Border security law requires data sharing, visa readers for tracking foreign visitors
- By William Jackson
- May 31, 2002
One type of machine-readable visa would use bar code technology to hold tamper-resistant biometric data.
Immigration, law enforcement and intelligence agencies must integrate databases and share information under border security legislation signed into law last month.
To aid in tracking foreign visitors in this country, the State Department by October 2003 will begin issuing machine-readable travel documents with biometric identifiers. The Enhanced Border Security and Visa Entry Reform Act of 2002 authorizes $150 million each to the Immigration and Naturalization Service and the Customs Service to upgrade the technology to meet the law's demands.
The law cites the USA Patriot Act for technology standards. The Patriot Act requires the attorney general and secretary of State to 'certify a technology standard that can be used to verify the identity of persons' applying for visas. The standard will be used to create a 'cross-agency, cross-platform electronic system that is a cost-effective, efficient, fully interoperable means to share law enforcement and intelligence information.'
Standards for international travel documents, such as visas, are set by the International Civil Aviation Organization. Datastrip Inc. of Exton, Pa., now has the only card approved for machine-readable visas.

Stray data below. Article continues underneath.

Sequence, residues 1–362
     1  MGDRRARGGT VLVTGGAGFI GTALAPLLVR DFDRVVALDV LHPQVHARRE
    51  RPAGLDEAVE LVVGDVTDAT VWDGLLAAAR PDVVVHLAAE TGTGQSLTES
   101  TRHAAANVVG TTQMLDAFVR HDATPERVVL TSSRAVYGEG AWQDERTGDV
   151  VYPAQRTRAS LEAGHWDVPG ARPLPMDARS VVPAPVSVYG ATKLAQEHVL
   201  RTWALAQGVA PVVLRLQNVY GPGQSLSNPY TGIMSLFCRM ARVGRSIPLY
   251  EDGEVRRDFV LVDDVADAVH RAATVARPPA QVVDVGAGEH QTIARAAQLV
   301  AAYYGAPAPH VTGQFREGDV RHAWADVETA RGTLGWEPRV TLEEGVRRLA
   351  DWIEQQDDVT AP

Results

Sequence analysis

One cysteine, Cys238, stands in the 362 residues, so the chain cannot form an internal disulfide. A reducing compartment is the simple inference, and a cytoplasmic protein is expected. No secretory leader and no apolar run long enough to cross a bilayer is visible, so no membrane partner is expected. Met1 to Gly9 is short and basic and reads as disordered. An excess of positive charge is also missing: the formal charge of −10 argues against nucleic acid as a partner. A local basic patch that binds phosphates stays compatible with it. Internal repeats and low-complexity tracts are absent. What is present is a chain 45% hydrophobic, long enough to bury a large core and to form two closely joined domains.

Datastrip's 2D Superscript is a 2-D bar code that uses proprietary algorithms to squeeze up to 3K of data into a five-eighths by 3-inch space.
'You can print the bar code with a standard ink-jet printer,' said Charles B. Lynch, Datastrip's vice president for marketing and sales.
Several biometric templates can be included in the space. Typical fingerprints use from 250 to 500 bytes, a photo about 1K, and an iris scan about 500 bytes. Multiple identifiers may be required on each card to meet the requirement that verification be highly accurate.
The bar code can be scratched or bent and still be read and is not subject to magnetic interference.Readers, with options
Handheld readers are available for the cards. They can include built-in fingerprint readers as well as ports for cameras or other devices for biometric confirmation.
Implementing a machine-readable visa system to verify identity is a simple job compared to the task of integrating myriad databases from multiple agencies and providing authorized users access to that data.
Access to the data will be restricted to consular officers who issue visas and officials who determine eligibility or are investigating aliens.
The system will have to be searchable by name, using commercial technology to account for different name formats, languages and spelling differences.
A nine-member commission appointed by the president will oversee the network.
William Jackson is a Maryland-based freelance writer.